Deal flow has clearly picked recently up for most US associates, counsels and partners in Hong Kong/China and Singapore. We are on the phone with a lot of these folks on a daily basis, many of whom we have known for years. Further, the head of our Asia team, Evan Jowers, and Kinney’s founder and president, Robert Kinney, frequently meet in person with leading US partners in Asia to assess their needs and keep on top of the inside scoop at as many firms as possible. The need for legal recruiting help in Asia from experienced recruiters appears to be live and well. In March, Evan and Robert were in Beijing at such meetings, in April, Evan was in Hong Kong, and for half of June Evan will be in Shanghai and Hong Kong. Thus its pretty easy for us to tell when there has been an across-the-market pick up in capital markets and corporate work.
On an average day in Asia when Evan and Robert visit firms, they typically have 5 to 9 meetings a day, mostly with US partners in the market. The reason they have these meetings is not simply because Kinney makes a lot of US attorney placements in Asia and that a particular firm may have openings; instead these are just visits with friends. After years of working together as business partners, the folks at Kinney are actually these peoples’ friends. The firms Kinney work closely with in Asia (which is just about every law firm – call us if you want to know the one firm in the world we will never place anyone with again, ever, and why) look forward to the visits, or at least act like they do. After seven years in the market, many of the client partners are former associate candidates. Also, these US partners see Kinney as a very good source of market information as well, because they know how deep their contacts are in the market and how frequently they are speaking to counterparts at peer firms.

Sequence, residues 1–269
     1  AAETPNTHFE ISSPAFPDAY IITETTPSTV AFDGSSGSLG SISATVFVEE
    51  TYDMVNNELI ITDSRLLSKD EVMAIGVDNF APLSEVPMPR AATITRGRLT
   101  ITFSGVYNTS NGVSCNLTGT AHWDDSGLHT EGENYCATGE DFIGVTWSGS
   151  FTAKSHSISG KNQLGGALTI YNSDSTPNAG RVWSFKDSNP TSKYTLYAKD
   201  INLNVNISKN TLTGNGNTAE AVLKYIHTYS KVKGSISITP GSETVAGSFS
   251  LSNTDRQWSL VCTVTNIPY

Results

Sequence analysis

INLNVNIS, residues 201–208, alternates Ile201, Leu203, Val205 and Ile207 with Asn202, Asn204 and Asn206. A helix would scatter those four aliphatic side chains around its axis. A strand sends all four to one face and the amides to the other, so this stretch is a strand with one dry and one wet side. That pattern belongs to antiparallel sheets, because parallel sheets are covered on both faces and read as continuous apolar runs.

In a land that is right here and in a time that is right now, a technology has arisen so powerful that it can replace basic human document review. Is it time to bow down before our new robot overlords?
First, here’s a little story about me: my life in the legal world began as a paralegal. My first case was a GIANT patent infringement case that was already six years old and had involved as many as five companies, multiple US courts, the ITC and an international standards committee. I knew nothing about any of this.
On my first day, my supervisor (a paralegal with at least eight other cases driving her crazy) sat me down in front of a Concordance database with a 100,000+ patents and patent file histories. “Code these,” she said. I learned that “coding”, for the purposes of this exercise, meant manually typing the inventor’s name, the title of the patent, the assignee, the file date, and other objective data for each document. I worked on that project – and only that project – for at least the first six months of my job. After a week or so, time began to blur.
What I know, in retrospect and with absolutely certainty, is that as time began to blur, so did my judgment. So did my attention to detail. If you could tell me that I did not make at least one mistake a day – one inconsistent spelling, one reversed day and month, one incorrectly spaced title – I frankly would need to see your evidence. I would not believe it. The human mind is trainable but it is not a machine.
The traditional job application and interview process can be impersonal, and applicants often struggle to present themselves as more than just the sum of their GPAs, alma maters, and previous work history. ATL has partnered with ViewYou to help job seekers overcome this challenge. ViewYou NOW Profiles offer a unique way for job seekers to make a personal, memorable connection with prospective employers: introduction videos. These videos allow job candidates to display their personalities, interpersonal skills, and professional interests, creating an eDossier to brand themselves to potential employers all over the world. Check it out today!